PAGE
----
Chilli, lime and corn are a match made in Tex-Mex heaven. This recipe adds a little extra sunshine to your Sunbites without added fat, sugar or salt. When it’s too cold outside for grilling, use an indoor grill or the broiler in your oven to prepare your Sunbites. Enjoy!
We recently asked a few people who have tasted Sunbites Corn on the Cob to share their impressions. This should give you a good idea while you’re waiting to taste them yourself.
“Very good, much tastier than canned corn. Perfect comfort food side dish. Marc, Designer, Montreal
Do you struggle to get vegetables into your child? You’re not alone! While tempting, it’s so important not to pressure or force your child to take “3 bites.” This backfires, and they will likely have a life-long hate-on for broccoli! Repeated exposure is also important. Children can have a fear of new things, called “Neophobia”. They also have changing tastes. It may take up to 15 tries before your child will choose to eat the food. Or maybe they will never choose to eat the food; we all have personal likes & dislikes!
Providing corn for Canadians to enjoy all year long is an ambitious goal that requires the active participation of passionate and committed producers. We spoke with Vincent Giasson, Agronomist at Spécialités Lassonde.
Sunbites is a sensible way to bring a little joy to our taste buds and a little sunshine to our plates. These are big, juicy ears of corn that taste great all by themselves, any time of the year.
Because we love taking a bite out of summer and of life, we asked several foodies to share their favourite ways to enjoy corn on the cob. Here are a few inspiring examples from a nutritionist who is also an avid cook.
Outdoors, a pound of butter placed on the plastic tablecloth at the end of August – does this bring anything to mind? Of course: corn roasts! People love to roll their ear of corn in the butter before savouring it, which makes the salt sprinkled on top stick that much better.
However, these steps also add calories derived from fat. After eating 3 ears, it shouldn’t be surprising to see the calories climb to over 500, with more than half of these coming from fat…
What should I do?
When we launched Sunbites corn, we decided to introduce it to various members of the industry to get their impressions of the product.
Here is what Dietician-Nutritionist, author and speaker, Alexandra Leduc had to say.
A nutritionist shares her thoughts with us
Delicious, homegrown sweet corn that can be eaten all year round, who would have guessed? This is what Lassonde Specialties is offering with their new product: Sunbites.
From the get-go, we associate the antioxidant power of a food with its colour. The more colour, the better its antioxidant potential. Therefore, we wouldn’t be likely to assume that corn is a food known for its antioxidant properties, but it does in fact contain a measure of antioxidants comparable to orange juice with an ORAC1 score of 728.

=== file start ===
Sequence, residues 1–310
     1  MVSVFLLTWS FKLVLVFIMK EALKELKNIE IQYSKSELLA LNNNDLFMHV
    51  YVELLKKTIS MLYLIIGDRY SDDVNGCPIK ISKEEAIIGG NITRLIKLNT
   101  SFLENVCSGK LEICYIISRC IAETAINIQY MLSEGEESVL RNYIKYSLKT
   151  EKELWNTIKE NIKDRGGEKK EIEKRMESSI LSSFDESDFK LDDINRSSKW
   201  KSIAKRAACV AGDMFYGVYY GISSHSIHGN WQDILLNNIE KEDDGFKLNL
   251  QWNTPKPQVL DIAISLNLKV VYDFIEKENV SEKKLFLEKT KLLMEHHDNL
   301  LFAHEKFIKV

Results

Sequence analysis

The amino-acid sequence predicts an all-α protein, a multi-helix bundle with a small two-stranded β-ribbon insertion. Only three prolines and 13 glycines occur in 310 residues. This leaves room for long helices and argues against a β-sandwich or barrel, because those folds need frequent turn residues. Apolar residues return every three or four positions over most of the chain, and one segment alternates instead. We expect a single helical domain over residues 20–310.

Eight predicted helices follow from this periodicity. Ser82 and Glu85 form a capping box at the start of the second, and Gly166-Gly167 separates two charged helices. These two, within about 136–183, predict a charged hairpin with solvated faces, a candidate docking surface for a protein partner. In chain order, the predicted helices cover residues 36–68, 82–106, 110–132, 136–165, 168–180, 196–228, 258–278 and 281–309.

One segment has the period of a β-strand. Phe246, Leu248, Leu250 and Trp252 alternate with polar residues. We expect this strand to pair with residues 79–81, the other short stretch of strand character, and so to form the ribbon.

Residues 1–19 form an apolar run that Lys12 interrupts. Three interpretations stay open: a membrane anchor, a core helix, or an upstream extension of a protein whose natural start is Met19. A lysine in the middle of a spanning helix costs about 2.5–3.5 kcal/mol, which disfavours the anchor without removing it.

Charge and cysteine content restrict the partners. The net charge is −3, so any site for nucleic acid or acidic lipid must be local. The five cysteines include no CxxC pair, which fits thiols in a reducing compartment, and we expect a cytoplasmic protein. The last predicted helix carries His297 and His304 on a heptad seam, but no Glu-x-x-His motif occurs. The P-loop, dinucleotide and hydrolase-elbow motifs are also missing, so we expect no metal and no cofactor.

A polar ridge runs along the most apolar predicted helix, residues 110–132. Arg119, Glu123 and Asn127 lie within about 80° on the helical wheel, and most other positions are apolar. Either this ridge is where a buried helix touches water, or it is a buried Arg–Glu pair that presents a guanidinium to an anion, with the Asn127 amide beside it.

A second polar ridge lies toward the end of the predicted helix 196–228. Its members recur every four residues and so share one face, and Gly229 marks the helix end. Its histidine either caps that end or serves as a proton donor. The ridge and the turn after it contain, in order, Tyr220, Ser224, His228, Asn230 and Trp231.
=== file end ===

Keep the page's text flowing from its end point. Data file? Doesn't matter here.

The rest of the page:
In this regard, sweet corn even surpasses certain fruits like papaya, watermelon and pineapple. Who’d have thought? However, this antioxidant power is still relatively low in comparison to that of certain spices, dark chocolate, wild berries and red wine.
Complementary proteins are important to consider when a meal contains no animal-derived protein.
Vegetarians and vegans may be more familiar with the concept, but the fact remains that meals without meat are becoming more and more popular (see: meatlessmonday.ca, a movement that supports taking one day a week without meat to help the planet and our own health).
Let’s look a little closer
Complementary protein is based on the premise that vegetable proteins are not complete, meaning they lack certain essential amino acids.
Amino acids contribute to protein synthesis in the body. Sequences of tens – or hundreds – of amino acids are needed to create a protein.
Corn is widely loved for its tender, sweet flavour. It reminds us of our childhood and corn roasts and huge family gatherings. Corn is also an ingredient in pâté chinois, one of the most comforting meals there is. These comfort foods may also make us feel good by stimulating the release of serotonin, the happiness hormone.
We’ve all heard: Eat your carrots – they’re good for your eyes! It’s true, carrots have great benefits to ocular health, but we could replace carrots with corn and the old adage would still hold true! So… let’s eat corn!
Year after year the reports are the same: Canadians are not eating enough vegetables and whole grains. Our meals still contain too much refined grains, sugar and fat, and not enough whole, fresh nutrients.